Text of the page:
Irritability is another key indicator, although teasing out when it’s attributable to vaping versus simply being teens can be difficult, Kapoor says. Excessive coughing, shortness of breath and increasing intolerance to exercise should raise suspicion as well, he says.

Some children show up in school nurses’ offices suffering from “nicotine toxicity” because of near-constant puffing on the devices, says Laurie Combe, president of the National Association of School Nurses. Signs that kids may have ingested too much nicotine include nausea, vomiting and fluctuating blood pressure, she says.

I found a vape device. How do I know what’s in it?

It can be very difficult to tell the difference between nicotine e-liquid and THC or a CBD-based oil. A legally purchased cartridge with THC or CBD oil or nicotine would have some sort of packaging or labeling saying what it is. But even Juul-brand cartridges, which are supposed to be “closed loop” so nothing can be added, are often tampered with and filled with THC-based oils.

Narrow cylinder-shaped vials are more likely to contain THC oil; nicotine ones tend to be wider and bigger, as American Vapor Association President Gregory Conley demonstrated Friday with his Njoy device. THC is thick and oil based so may not appear to move in the cartridge while nicotine e-liquid would flow freely in the cartridge.


Even Juul-brand cartridges, which are supposed to be “closed loop” so nothing can be added, are often tampered with and filled with THC-based oils.

Even Juul-brand cartridges, which are supposed to be “closed loop” so nothing can be added, are often tampered with and filled with THC-based oils.
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Parents can purchase home drug test kits online to determine what’s in a cartridge or vial, but they won’t know the concentration of the THC or added contaminants. It could be CBD oil with a very low percentage of THC.

They could also drug test their child to see if they have THC in their systems, but that won’t determine whether the THC was ingested through smoking, eating or vaping. The Centers for Disease Control and Prevention said earlier this month that nearly 4 in 5 people who suffered vaping-related lung injury in the recent outbreak reported using products that contained THC, alone or combined with nicotine.

So now I have a teen addicted to nicotine. What do I do?

Nicotine replacement therapy or prescription drugs and counseling plus other support is what’s needed, Riccio says. Perhaps most important, she recommends parents ”remain calm and supportive” and avoid punishing what has often become addictive behavior. Be prepared for kids to try to quit vaping and fail an average of six times, she says.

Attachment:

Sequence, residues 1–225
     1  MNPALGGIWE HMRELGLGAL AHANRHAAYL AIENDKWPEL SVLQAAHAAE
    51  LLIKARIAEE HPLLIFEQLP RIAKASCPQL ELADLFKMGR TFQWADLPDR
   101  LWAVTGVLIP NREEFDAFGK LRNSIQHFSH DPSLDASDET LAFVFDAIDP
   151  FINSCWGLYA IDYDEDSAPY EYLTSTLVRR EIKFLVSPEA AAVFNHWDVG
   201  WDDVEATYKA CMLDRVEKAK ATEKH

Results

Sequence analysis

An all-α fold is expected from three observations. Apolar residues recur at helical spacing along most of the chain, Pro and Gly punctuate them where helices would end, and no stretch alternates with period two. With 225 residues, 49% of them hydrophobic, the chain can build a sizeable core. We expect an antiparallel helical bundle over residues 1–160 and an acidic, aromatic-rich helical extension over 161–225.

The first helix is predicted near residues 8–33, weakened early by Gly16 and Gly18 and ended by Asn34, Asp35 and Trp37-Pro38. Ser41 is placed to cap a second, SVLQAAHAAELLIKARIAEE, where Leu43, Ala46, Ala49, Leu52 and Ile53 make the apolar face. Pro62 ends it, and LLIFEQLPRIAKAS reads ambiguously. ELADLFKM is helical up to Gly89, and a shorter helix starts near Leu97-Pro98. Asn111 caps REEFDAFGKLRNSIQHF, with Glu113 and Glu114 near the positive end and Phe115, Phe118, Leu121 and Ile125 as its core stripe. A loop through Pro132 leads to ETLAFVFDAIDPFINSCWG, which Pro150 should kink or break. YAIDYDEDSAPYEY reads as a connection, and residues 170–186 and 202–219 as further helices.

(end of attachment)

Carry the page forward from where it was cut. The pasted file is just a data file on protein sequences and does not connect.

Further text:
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Newburyport’s high schools have a four-week “vaping diversion program,” which includes after-school meetings with adjustment counselors, wellness teachers, school nurses, biology teachers and the school principal. Data on the program’s results is expected by the end of the year.

Nicotine is a stimulant, so it’s also important to determine whether your child is vaping because they had a “functional” need to be stimulated to focus in school or if they were doing it to “counteract feeling low or depressed,” says Theresa Nguyen, a social worker who is vice president of policy and programs at the nonprofit Mental Health America. Either might suggest additional therapy or medical treatment is needed.

My kid is vaping THC oil. Does he or she need addiction treatment?

The process of vaping triples the strength of the THC being ingested. THC use in those whose brains are still developing can lead to cognition loss and psychiatric problems, Surgeon General Jerome Adams said in a new health advisory. The larger immediate concern is those under 21 are buying products illegally, which dramatically increases the risk of contaminants and additives federal and state investigators are focusing on as possible causes of the lung injuries.

Dr. Joseph Lee, a child psychiatrist and addiction medicine physician who is medical director at Hazelden Betty Ford Youth Continuum, says most young people with addiction can do outpatient treatment, and many need mental health counseling. About 90 percent of patients with addiction disorders at Hazelden also have mental health problems, he says. He also says the group a child chooses to socialize with and his or her risk-taking behavior are more of a predictor of substance use than whether they start with nicotine.

Read more at usatoday.com

Contributing: Associated Press